Biden Budget Plan Prioritizes Mental Health, Public Health

Biden proposes nearly 27% funding increase for HHS | Modern Healthcare

Source: Modern Healthcare, Maya Goldman

The Health and Human Services Department would get a 26.8% spending boost in fiscal 2023 under a budget proposal the White House issued Monday.

The budget plan outlines President Joe Biden’s health priorities, which include improving public health infrastructure, advancing mental healthcare and making maternal health more equitable.

Biden is asking Congress to authorize $127.3 billion in discretionary funding for HHS, or $26.9 billion more than the department’s allotment for fiscal 2021. The White House compared its budget proposals to fiscal 2021 because Congress only passed fiscal 2022 appropriations earlier this month.

 

White House budget requests tend to function as presidential wish lists and Congress is unlikely to adopt the majority of Biden’s proposals. The president’s latest budget departs from the slate of proposals he offered last year on making healthcare more affordable and accessible for patients that largely stalled in Congress.

The fiscal 2023 plan continues to highlight Biden’s support for legislation to reduce the cost of prescription drugs, health insurance and long-term care and to promote health coverage for uninsured people. The budget contains few details on those priorities, however.

Instead, the White House plan emphasizes preparation for the next public health crisis. Biden requests $81.7 billion for future threat responses and $9.9 billion to build public health capacity.

This request is separate from the COVID-19 funding the Biden administration has urged Congress to pass after lawmakers left pandemic relief money out of the fiscal 2022 spending bill.

The fiscal 2023 preparedness funding request “is a drop in the bucket compared to what it’s cost so far to deal with COVID,” HHS Secretary Xavier Becerra said at a news conference Monday. “We hope that we’re given the chance to make those long-term investments, preparing for the long game.”

Biden proposes $51.7 billion to improve the mental health system, including $7.5 billion for workforce development and service expansion and $35.4 billion to enhance mental health access for Medicaid enrollees.

The White House seeks $3.5 billion to improve mental health access for Medicare beneficiaries by modernizing fee-for-service benefits, covering three behavioral health visits per year without cost sharing, eliminating the 190-day lifetime limit on psychiatric hospital care and imposing mental health parity rules.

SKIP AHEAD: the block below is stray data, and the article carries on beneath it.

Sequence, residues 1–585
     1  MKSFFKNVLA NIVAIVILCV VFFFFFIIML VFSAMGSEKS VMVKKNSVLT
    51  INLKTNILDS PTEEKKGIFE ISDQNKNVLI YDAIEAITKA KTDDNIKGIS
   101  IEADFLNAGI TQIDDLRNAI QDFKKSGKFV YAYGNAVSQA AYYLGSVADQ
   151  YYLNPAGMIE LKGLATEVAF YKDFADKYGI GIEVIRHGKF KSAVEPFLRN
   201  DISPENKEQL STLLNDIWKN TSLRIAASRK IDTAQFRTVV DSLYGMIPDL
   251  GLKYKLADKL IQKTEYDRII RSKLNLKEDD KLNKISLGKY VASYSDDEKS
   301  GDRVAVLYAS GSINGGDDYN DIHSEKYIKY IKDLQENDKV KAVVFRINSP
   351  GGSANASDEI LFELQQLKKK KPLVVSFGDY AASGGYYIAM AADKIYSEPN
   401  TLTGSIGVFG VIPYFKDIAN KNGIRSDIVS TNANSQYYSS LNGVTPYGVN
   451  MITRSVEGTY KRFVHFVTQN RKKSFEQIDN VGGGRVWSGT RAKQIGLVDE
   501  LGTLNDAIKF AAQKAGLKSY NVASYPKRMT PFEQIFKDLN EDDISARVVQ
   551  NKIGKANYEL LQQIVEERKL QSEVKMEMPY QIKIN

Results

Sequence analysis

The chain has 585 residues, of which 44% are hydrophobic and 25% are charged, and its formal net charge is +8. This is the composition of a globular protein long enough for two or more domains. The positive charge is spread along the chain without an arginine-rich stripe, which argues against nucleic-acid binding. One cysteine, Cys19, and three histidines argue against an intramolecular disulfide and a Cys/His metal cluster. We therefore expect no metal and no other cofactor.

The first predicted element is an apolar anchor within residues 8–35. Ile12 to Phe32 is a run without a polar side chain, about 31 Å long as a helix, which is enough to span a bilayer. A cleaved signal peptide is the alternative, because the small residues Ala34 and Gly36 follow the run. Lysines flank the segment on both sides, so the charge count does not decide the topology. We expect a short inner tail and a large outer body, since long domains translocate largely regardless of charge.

The budget would require health insurers to cover mental healthcare with adequate provider networks and to ensure parity in coverage between behavioral health and medical benefits. Biden wants Congress to appropriate $275 million for the Labor Department to enforce mental health coverage rules among large-group health plans.

The White House plan also calls for extending Medicare coverage of telehealth following the COVID-19 pandemic. Congress already authorized a 151-day extension to take effect after Biden decides not to renew the federal public health emergency declaration.

Additionally, the budget outlines a new federal program that would provide free vaccines to uninsured adults, which the administration expects would reduce disparities in vaccinations. The administration also proposes shifting all vaccine benefits for Medicare enrollees to Part B, a shift from current policy that covers some under Part D.

The budget proposes an initiative to provide PrEP, or pre-exposure prophylaxis for HIV, to uninsured and underinsured people at no cost. The plan includes $850 million for HHS to reduce new HIV cases, increase access to PrEP, and make support for HIV patients more equitable.

The budget builds on the administration’s maternal health initiatives by requesting $470 million to reduce maternal mortality and morbidity rates, expand maternal healthcare in rural communities, implement implicit bias training for healthcare providers and more. Biden also aims to secure $400 million, a nearly 40% increase from 2021, for the Title X Family Planning program, which funds services for low-income people.

Biden requests $5 billion for the Advanced Research Projects Agency for Health, a program to advance healthcare research that Congress created this month with a $1 billion budget. The White House wants $92 million to fund the Cancer Moonshot that Biden initiated as President Barack Obama’s vice president, which aims to halve cancer deaths over 25 years.

HHS and the Justice Department also request $899 million for healthcare fraud and abuse control.

Last Updated 05/25/2022

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